Baraboo River: Giese Park to Gander World
Date Paddled: July 9th, 2011
Put-in: Giese Park
Take-out: Gander World
Distance: 3 miles
Time: ~1.5 hours
Gradient: ~3' per mile
Water Level: Baraboo River @ Baraboo 392 CFS
This isn’t a top-notch section of the Baraboo River, but it is a popular paddle because it is easy to combine with downstream legs through the city of Baraboo. The trip started at Giese Park which was a great put-in option option. The river here was very straight and wide. Likely it has been artificially straightened for agriculture. The water and banks are somewhat muddy, and the shoreline while wooded was beat up from many previous floods.
One of the highlights of the trip are several rock outcrops. One is larger with an exposed smooth rock face, while the other is small with attractively adorned moss. Paddlers will soon travel under the new Hwy 12 bridge which is the quite the sight…I believe it is the tallest in Wisconsin.
All in all, a pleasant but mediocre section of the Boo. Most paddlers will prefer the downstream leg which has rapids or to combine that section with this. Astute blog readers will note this review has been rewritten. This was done to make room for a newer and more modern review of the city section in a separate review, and hopefully this didn’t cause too much confusion.
Giese Park is located just off Hatchery Road and was an excellent canoe launch. There was a nearby outhouse, but it was in poor shape.
The take-out would be at Gander Mountain. Disembark by the fire pit and and walk your boat up the trail to the parking lot. But really this is more of a put-in option than a take-out. Most paddlers will continue on to use one of the nicer landings in Baraboo. See the overview section and map for more options.
Shuttle & Rental Information:
“Baraboo Canoe & Kayak Rentals” services this section as well as the subsequent Baraboo section. They can be reached at 1-608-737-1100.
The bike shuttle would be ok at 2.7 miles, but there would be some medium hills to climb (171′ of climbing and 128′ of descent).
Hazards, Logjams and Current:
The current moves along but isn’t too fast. There are no rapids, logjams or any other hazards.
River Depth and Navigability:
We went at 392 CFS per the local depth gauge which was an ok depth, but this meant more mud in the water. Note, if you extend this trip though Baraboo, you’ll need more padding to get over the rapids and the figures below won’t be accurate.
- 0-200 CFS: Near severe drought like conditions. Likely good kayak conditions with clean water.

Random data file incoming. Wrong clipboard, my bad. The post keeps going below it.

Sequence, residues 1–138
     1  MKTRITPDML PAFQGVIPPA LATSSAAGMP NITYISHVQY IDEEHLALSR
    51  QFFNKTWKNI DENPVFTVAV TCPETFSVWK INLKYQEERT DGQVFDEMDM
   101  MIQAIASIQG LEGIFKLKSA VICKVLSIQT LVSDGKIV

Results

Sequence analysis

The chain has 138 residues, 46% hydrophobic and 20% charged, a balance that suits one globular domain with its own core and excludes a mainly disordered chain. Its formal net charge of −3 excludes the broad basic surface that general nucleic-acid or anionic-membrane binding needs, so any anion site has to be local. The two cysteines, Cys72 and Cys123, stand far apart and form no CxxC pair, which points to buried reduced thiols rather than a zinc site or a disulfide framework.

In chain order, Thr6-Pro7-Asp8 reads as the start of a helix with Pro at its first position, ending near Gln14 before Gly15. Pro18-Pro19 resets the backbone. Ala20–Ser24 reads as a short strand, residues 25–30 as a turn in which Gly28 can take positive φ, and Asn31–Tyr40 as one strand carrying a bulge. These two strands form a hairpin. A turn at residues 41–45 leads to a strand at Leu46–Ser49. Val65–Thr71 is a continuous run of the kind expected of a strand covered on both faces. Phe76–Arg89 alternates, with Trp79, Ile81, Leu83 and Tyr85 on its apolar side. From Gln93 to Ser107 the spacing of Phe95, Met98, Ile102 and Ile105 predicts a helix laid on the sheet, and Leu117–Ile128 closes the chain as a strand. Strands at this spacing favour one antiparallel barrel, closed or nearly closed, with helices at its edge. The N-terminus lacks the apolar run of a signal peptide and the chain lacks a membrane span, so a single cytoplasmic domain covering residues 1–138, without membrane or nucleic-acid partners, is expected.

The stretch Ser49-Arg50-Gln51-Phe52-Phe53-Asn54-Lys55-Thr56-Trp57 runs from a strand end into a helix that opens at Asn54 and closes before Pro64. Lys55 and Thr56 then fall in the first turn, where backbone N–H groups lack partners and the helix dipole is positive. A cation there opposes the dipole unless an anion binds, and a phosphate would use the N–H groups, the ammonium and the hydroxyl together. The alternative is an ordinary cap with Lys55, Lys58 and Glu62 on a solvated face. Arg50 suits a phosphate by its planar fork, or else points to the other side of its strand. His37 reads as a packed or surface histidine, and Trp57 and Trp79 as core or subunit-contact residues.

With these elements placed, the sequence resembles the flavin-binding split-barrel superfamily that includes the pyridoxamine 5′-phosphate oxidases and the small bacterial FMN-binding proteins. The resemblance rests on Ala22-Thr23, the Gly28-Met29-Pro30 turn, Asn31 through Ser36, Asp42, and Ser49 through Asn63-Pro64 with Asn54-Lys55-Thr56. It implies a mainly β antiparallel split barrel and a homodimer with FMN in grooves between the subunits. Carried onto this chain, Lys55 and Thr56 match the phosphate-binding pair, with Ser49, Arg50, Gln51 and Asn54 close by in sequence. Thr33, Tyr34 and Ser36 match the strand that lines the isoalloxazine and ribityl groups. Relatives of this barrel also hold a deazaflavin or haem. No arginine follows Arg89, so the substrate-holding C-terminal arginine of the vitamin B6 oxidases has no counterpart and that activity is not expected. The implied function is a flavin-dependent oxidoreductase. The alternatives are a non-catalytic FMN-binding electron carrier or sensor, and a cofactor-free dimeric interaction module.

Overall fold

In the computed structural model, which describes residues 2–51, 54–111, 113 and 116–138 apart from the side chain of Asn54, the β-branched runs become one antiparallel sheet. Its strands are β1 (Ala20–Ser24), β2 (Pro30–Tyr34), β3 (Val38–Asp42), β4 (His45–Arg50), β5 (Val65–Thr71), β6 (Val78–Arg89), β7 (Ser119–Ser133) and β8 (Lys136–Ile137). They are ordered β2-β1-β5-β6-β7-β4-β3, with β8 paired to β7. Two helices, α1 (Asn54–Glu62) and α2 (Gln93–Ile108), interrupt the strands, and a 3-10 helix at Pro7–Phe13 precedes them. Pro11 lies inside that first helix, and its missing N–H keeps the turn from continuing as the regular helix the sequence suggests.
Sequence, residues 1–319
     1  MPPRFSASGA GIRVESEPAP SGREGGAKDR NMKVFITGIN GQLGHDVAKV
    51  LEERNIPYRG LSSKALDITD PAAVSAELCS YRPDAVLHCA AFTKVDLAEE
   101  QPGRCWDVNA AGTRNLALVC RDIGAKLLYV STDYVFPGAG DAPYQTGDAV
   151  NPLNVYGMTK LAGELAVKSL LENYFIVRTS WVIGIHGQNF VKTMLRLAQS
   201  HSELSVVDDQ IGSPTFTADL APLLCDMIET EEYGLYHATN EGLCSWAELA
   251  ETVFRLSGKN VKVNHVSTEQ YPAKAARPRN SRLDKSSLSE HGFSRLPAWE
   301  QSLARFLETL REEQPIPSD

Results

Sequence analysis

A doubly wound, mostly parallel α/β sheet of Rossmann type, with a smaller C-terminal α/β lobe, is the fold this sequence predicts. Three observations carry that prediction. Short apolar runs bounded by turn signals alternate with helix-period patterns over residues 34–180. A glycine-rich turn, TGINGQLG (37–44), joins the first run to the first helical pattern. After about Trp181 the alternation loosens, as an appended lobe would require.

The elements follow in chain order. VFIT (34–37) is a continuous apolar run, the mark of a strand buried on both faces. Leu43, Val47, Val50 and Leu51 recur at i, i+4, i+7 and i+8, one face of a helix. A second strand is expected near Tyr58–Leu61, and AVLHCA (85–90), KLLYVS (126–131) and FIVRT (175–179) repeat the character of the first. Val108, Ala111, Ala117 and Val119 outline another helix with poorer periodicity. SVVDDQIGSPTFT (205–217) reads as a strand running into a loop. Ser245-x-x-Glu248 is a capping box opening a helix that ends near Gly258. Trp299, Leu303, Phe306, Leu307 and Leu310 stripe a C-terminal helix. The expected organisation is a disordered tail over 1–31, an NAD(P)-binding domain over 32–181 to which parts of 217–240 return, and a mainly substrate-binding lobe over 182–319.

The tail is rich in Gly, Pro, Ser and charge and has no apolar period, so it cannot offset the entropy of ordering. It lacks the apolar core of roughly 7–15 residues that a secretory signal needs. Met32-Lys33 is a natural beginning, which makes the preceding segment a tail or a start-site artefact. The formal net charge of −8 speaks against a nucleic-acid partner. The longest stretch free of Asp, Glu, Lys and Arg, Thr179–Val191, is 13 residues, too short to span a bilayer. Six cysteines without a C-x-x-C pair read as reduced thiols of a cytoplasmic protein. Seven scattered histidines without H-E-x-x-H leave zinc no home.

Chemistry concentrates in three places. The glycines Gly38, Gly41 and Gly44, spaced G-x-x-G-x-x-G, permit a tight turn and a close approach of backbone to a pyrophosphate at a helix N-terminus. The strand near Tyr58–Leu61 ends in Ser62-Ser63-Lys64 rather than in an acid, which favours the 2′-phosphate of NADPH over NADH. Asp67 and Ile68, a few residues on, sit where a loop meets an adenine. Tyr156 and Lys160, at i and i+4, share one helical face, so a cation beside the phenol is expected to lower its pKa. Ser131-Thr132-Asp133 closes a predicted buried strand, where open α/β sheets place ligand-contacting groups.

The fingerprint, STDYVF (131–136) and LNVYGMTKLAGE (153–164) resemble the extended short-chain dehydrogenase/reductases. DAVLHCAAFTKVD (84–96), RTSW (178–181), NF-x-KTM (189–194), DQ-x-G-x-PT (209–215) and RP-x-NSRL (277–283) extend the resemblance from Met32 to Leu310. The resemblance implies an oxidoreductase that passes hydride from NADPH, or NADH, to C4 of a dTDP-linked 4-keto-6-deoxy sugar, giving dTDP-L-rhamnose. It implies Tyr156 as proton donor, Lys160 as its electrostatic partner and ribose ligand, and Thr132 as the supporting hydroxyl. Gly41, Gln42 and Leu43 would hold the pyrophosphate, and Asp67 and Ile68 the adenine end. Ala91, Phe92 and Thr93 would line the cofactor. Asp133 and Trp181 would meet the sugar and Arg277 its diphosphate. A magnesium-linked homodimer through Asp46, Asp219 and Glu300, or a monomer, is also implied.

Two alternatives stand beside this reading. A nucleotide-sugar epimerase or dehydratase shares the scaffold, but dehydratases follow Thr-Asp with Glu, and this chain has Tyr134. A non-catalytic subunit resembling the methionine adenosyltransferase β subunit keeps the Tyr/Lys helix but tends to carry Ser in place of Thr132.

- 201-300 CFS: Average depth. Good conditions.
- 301-400 CFS: Ok conditions. Bit murky and muddy.
- 401-600 CFS: Likely very muddy and murky.
- 601-800 CFS: Navigable but not as intersting.
- 801-1000 CFS: Navigable, but starting to get pushy and ugly.
- 1001-1500 CFS: Very high depth…paddle at your own risk.
- 1501+ CFS: This is approaching flood stage. Likely not appropriate for paddling.
Other Baraboo River Trips:
For additional information on access points see the complete overview map here.
- Nutmeg Road to Hwy PP: 6.2 miles. Flows by the historic Elroy-Sparta Trail and is mostly open, but there are a few logjams. This is a narrow small stretch that will need very high water to be runnable. There are scenic outcrops on this stretch….maybe 3.
- Hwy PP to 2nd Main Street: 1.6 miles. Maybe 3 logjams.
- 2nd Main Street to Franklin Street: 0.9 miles. Maybe 1-2 logjams. Trip starts at a scenic covered bridge and on Class 1 rapids.
- Franklin Street to Hwy 82(South of Lincoln Street): 0.5 miles. A good stretch that is mostly open and has maybe one outcrop.
- Hwy 82(South of Lincoln Street) to Schultz Park: 0.6 miles. Maybe 2 logjams.
- Schultz Park to Hwy 82(South of Snyder Road): 4.0 miles.
- Schultz Park to Hwy 82(North of Lumsden Road): 0.6 miles. One outcrop, one logjam portage and a few tight fits.
- Hwy 82(North of Lumsden Road) to Hwy 82(South of Snyder Road): 3.4 miles. Three outcrops, three significant logjams and several tight fits. A section with good potential but needs cleanup work.
- Hwy 82(South of Snyder Road) to Hwy W: 1.9 miles. Maybe 2-3 jams…think this is doable though.
- Hwy W to Hwy 82/Union Center: 1.3 miles. Good prospect by the golf course with maybe 2 outcrops. Maybe 1-2 logjams.
- Hwy 82 to Hwy FF Landing/Wonewoc: 7.1 miles. A great section with one of the largest rock outcrops on the river.
- Hwy FF Landing to Wayside Park: 2.9 miles. There used to be a lot of logjams here. I think it might be doable…maybe 2-3 major portages.
- Wayside Park to Kalepp Road: 4.5 miles. An uninteresting part of the river with weedy, muddy banks. But…there are three fantastic sandstone outcrops.
- Kalepp Road to N. Dutch Hollow Road: 5.3 miles. One logjam portage with several “hoppers” and “duckers”. There are some outcrops but most are recessed and away from the river. Mud and downed trees are a bit unsightly, otherwise a pleasant paddle.